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Rainwater Collection Systems

Rainwater Collection
These days it seems that everything is going up – the cost of food, gasoline, electricity, water – that is, everything except the amount of rainfall in East Tennessee. Most of us want to keep our lawn and garden healthy and vital, but the cost of using utility water is just too prohibitive. And, it places an additional drain on our valuable natural resources. In the old days, folks collected rainwater in cisterns and other containers to meet their needs for water. Well, perhaps they were smarter than we sometimes give them credit for – it seems that for every 1,000 square feet of your house’s footprint, one inch of rainfall results in about 600 gallons of runoff from your roof. With an average annual rainfall of 47 inches, a typical home with a 2,000 square feet footprint experiences around 56,000 gallons of roof runoff per year. Imagine the benefits of using that FREE water on your lawn or garden during dry spells, while at the same time doing your part to have a positive impact on the environment.

The Superior Barger and Sons Solution
Perform an internet search on “rainwater collection” and you will find a number of products on the market. Only problem is, almost all commercial products are designed for above ground installation – and we think you will agree that many are really ugly! Furthermore, capacity is a major issue. Tanks holding only a few hundred gallons aren’t much benefit during an extended dry spell. In contrast, Barger and Sons offers an esthetically pleasing rainwater collection system that is installed below grade with a capacity tailored to meet your specific needs. Manufactured using the same superior quality methods as our other precast concrete tanks, our rainwater collection systems offer decades of watertight performance. Collecting rainwater is one thing, but it is not beneficial until you distribute it where it is needed. A small electric pumping system for distributing the collected rainwater may be needed.

When Should I Install a Barger And Sons Rainwater Collection System?
The best time for installing a rainwater collection system is when you build a new home. At minimal cost, the output from your gutter downspouts can be routed by your contractor to a Barger and Sons rainwater collection system. Already have a home? You can usually retrofit a rainwater collection system to your existing gutter system.

Method to help size your underground storage needs:

Step 1
Determine the amount of square footage used to collect rainwater. This is also referred to as the footprint of your house in square feet. For example, if your house is a one story house with a footprint 50 feet by 40 feet, 2000 square feet can be used as the area to collect rainwater. If your house has more than one story calculate the square footage of the largest floor and use that number. While this does not account for roof hangover and the slope, both giving more area to collect rainwater, it gives you a close approximation.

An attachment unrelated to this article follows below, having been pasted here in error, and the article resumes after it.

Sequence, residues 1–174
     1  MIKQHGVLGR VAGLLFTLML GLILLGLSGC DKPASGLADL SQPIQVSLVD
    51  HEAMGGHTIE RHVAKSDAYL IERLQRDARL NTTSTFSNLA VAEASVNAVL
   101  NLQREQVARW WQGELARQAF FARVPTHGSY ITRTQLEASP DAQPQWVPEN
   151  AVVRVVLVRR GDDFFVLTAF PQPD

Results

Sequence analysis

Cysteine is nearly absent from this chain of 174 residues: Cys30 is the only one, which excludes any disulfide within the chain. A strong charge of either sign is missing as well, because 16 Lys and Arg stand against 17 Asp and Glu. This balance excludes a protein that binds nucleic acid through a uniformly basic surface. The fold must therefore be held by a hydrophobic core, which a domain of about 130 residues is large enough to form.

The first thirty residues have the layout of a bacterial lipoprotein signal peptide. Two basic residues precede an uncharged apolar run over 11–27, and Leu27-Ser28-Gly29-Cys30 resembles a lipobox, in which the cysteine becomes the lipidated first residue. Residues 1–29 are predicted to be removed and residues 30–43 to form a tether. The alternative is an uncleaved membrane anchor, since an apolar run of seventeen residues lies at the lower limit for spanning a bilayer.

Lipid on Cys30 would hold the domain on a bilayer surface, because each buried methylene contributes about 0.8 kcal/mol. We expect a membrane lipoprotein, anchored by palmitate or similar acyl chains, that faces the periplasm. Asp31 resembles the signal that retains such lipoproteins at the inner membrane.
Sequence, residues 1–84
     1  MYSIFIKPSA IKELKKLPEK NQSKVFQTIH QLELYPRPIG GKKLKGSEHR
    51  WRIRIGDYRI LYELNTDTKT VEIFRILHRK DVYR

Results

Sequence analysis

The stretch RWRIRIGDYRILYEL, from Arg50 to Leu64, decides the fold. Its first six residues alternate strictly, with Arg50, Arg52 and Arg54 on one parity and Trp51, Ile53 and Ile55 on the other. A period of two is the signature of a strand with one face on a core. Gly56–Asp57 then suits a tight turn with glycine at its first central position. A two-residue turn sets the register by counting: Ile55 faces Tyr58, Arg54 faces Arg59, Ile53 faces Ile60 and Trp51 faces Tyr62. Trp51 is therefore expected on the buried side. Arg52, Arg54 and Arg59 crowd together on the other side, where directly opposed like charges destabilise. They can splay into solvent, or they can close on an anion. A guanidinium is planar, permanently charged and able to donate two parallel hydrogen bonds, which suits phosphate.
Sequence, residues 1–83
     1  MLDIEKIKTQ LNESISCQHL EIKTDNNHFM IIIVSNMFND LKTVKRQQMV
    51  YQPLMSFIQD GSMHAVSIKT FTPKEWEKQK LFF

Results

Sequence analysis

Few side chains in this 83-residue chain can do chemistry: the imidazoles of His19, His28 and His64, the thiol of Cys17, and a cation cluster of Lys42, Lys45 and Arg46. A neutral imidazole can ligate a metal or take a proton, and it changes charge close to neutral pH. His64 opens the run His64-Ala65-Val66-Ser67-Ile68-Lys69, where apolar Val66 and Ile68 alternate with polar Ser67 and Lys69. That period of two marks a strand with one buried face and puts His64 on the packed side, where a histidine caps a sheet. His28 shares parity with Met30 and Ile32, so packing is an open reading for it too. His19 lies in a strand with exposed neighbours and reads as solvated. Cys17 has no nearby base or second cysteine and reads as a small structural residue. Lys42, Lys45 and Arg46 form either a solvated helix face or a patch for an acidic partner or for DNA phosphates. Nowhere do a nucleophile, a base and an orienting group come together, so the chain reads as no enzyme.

Step 2
Decide what kind of rainfall event you want to prepare for. Do you want to design for a 1”, half-inch, or 2” rainfall event? Once you decide, calculate the storage in gallons needed to hold the rainwater.

Step 3
You can reference Chart 1 to calculate your required storage or you can multiply your collection area (square footage) by your designed rainfall event multiplied by 89.76. i.e. 2000 square feet x 1 inch x 89.76 = 1,247 gallons per 1 inch of rainfall.

Step 4
Are you irrigating a lawn? If so, how many acres or square feet is the area to be irrigated? What kind of rainfall event do you want to simulate?

Let’s assume one-half (0.5) acres is the size of the lawn to be irrigated.

Step 5
Using 0.5 acres from
Step 4, choose the rainfall event you would like to simulate. We will choose one-half (0.5”) inch rainfall event.

Step 6
Calculate storage (gallons) needed to water lawn according to Step 4 and Step 5. Refer to Chart 2 or multiply the number of acres by the simulated rainfall event (0.5 inch) multiplied by X. This result gives you the amount of storage need in gallons of water. i.e. 0.5” rainfall event x 0.5 acres x 27154.4 = 6,788 gallons

Compare the results from Steps 3 and 4 to see if this is desirable and repeat the calculations changing the information as necessary until you are comfortable with the design.

Step 7
Call us for a rainwater collection storage quote with the information from Step 4 that will include everything you need to store your rainwater.

Step 8
1” of rainfall per week on your lawn is generally recommended. We recommend installing two weeks worth of storage starting out. Modules can be added later if additional storage is needed.
Table 1

Foot print of house (sq. ft.)

Rainwater collected for every 1" of rainfall (gallons)